This game can also be used as a training tool by teaching the dog to go into another room while you hide it. I use the terms "inside," "outside," "upstairs," and "downstairs." These are important commands, as it will make leaving your house much easier. Another command to use is "stay," which you would use once he has gone to the appropriate spot before the game begins. Once he is allowed to come out, then say "release" or "this way," so he knows he may break the "stay" command.

Another command you can teach through this game is the "drop it" command. You want him to willingly give up their toy so you can hide it again. You do not want to play a game of tug-of-war, because then it's a game of wills, not training. Soon the dog will love playing hide-and-seek, and you may find him bringing you his toy when he wants you to hide it.

Playing games with your dog is extremely important. They will not only bring you and your dog closer together but also teach them that you are more than just a roommate. Many games can actually teach your dog real-life commands that will make owning your dog much easier. Also, by playing many of these games with your dog, it will make him calmer and more contented because he has an outlet for his energy.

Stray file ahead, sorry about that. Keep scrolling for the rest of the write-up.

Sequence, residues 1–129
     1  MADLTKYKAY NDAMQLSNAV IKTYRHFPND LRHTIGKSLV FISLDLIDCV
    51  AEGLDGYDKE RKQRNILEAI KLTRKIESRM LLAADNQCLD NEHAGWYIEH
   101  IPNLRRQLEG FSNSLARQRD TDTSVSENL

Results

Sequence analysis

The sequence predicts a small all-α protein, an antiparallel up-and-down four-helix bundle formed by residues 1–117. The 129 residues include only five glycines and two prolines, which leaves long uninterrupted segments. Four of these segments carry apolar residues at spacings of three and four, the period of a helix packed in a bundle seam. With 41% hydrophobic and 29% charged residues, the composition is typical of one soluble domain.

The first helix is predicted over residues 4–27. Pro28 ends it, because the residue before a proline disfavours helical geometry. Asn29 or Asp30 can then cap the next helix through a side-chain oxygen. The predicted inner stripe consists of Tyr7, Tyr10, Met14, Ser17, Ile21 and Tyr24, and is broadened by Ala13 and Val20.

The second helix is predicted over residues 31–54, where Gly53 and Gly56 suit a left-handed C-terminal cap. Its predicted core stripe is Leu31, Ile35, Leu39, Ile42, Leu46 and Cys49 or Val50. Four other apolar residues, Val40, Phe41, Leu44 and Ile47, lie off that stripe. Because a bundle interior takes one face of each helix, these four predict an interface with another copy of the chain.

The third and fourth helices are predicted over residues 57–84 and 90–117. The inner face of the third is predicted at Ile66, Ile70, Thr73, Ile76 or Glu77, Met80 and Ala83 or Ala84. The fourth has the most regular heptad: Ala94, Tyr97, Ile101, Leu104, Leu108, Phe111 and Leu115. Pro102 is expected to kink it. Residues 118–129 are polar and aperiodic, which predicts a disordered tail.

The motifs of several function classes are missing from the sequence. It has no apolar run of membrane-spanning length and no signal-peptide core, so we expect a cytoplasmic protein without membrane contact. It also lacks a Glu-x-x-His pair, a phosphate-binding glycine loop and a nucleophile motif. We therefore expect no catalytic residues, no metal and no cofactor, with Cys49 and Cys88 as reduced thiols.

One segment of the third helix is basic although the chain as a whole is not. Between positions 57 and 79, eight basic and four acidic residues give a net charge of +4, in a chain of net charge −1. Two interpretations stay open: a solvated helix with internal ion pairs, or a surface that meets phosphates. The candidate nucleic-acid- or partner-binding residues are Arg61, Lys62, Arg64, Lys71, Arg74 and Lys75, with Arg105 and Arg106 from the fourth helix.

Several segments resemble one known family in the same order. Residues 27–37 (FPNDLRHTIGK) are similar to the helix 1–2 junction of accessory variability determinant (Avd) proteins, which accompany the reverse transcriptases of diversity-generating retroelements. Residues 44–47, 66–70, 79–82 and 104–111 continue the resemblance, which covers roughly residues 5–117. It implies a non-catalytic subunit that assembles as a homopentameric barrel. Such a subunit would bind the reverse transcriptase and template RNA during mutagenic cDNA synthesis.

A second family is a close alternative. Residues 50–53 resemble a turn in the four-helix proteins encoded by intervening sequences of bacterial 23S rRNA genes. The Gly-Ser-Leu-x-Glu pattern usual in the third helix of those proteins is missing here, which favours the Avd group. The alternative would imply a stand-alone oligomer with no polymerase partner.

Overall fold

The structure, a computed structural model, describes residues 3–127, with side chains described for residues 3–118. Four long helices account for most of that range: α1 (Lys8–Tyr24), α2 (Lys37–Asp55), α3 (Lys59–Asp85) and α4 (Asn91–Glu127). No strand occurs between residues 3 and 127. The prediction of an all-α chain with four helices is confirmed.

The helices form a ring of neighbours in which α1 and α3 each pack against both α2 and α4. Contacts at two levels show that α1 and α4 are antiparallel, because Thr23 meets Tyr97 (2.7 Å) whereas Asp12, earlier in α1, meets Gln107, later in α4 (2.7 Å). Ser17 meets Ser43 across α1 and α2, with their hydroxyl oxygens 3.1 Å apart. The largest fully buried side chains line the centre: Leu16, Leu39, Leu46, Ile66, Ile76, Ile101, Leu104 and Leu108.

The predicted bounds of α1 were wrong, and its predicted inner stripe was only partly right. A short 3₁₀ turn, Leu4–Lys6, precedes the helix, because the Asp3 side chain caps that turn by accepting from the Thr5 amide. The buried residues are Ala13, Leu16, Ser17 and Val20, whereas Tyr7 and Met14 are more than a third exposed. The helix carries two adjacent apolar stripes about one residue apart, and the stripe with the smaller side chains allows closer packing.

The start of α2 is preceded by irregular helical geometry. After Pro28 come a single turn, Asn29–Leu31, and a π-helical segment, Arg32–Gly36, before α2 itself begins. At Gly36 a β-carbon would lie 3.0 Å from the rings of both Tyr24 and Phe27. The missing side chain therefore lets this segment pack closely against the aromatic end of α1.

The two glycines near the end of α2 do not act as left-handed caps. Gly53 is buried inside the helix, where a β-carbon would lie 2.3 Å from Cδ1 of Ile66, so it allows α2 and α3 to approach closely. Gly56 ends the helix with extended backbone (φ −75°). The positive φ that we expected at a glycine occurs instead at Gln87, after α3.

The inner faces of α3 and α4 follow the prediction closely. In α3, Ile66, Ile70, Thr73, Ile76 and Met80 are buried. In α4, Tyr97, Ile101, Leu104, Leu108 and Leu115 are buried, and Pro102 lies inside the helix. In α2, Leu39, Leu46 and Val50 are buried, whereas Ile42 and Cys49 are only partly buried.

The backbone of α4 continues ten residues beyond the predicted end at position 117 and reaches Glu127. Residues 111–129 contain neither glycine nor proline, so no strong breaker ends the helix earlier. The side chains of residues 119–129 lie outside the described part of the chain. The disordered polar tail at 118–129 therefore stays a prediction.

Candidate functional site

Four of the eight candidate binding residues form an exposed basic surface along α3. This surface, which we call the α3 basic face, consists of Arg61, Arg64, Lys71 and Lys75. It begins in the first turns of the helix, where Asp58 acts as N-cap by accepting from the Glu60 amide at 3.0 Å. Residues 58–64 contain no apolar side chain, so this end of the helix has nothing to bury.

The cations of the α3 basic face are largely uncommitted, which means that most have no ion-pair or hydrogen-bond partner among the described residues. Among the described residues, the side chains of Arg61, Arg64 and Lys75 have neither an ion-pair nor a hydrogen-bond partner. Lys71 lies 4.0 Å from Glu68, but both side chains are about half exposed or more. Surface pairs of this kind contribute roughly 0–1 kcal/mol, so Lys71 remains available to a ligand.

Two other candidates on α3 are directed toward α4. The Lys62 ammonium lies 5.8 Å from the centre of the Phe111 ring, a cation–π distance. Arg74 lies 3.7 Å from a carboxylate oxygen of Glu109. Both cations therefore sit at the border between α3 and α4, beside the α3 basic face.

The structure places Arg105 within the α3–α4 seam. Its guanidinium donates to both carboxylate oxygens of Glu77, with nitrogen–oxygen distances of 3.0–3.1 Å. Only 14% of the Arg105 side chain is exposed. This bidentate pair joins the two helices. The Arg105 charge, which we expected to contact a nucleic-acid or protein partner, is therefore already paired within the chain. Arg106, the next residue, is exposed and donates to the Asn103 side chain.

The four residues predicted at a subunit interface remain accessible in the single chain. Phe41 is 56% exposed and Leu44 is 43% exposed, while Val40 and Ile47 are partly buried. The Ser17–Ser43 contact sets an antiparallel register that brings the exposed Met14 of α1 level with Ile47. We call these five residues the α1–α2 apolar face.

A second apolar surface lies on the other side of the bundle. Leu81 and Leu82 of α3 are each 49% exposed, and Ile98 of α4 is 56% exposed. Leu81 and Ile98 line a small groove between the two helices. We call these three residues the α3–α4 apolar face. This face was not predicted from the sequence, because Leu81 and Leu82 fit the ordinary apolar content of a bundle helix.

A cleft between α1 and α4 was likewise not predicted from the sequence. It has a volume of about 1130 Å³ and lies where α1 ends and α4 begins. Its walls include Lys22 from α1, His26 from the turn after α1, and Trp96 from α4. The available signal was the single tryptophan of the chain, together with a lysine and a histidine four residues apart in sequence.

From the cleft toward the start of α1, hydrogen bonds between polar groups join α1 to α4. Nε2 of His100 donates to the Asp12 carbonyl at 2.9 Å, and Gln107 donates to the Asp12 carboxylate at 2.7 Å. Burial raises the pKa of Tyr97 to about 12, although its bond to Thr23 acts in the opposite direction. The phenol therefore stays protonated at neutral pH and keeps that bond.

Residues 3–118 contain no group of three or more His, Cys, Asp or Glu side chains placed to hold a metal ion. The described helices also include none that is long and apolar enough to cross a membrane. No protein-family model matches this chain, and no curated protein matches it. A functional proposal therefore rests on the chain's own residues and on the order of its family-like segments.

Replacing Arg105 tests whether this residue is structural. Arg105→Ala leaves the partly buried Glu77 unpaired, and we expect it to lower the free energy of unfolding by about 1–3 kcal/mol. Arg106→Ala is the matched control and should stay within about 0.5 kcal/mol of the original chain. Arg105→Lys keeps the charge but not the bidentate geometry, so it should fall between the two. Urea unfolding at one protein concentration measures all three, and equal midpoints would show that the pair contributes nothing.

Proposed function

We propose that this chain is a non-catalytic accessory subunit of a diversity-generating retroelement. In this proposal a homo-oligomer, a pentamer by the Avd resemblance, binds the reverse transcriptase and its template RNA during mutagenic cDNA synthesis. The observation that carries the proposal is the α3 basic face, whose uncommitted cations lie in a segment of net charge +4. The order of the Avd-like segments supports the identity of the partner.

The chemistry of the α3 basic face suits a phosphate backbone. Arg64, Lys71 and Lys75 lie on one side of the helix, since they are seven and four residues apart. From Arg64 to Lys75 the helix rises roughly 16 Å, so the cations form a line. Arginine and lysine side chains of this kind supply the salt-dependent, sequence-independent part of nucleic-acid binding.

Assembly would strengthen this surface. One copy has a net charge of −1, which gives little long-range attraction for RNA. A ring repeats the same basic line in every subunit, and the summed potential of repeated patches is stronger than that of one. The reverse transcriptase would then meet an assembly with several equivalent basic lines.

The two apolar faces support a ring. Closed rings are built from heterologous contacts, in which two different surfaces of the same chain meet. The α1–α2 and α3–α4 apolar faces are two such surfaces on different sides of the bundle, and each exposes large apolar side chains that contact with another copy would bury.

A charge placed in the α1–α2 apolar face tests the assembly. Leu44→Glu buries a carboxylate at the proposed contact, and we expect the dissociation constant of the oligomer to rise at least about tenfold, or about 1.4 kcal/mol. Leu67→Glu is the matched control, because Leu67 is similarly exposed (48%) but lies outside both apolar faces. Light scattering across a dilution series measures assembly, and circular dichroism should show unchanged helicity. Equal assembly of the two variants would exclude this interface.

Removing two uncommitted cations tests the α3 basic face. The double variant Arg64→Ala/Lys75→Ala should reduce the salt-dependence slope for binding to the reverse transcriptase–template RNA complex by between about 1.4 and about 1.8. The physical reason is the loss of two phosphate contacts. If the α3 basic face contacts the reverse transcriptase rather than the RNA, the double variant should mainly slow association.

Although playing typical games are important, having the right toys that will help your dog is important. Kongs are a great toy to use to keep your dog active for hours. They will chew and lick on it trying to get the treat inside. If you run out of treats, even placing peanut butter inside will keep your dog preoccupied for a long time. This is ideal for chewers like my dog.

Skeezix with Big Rawhide Bone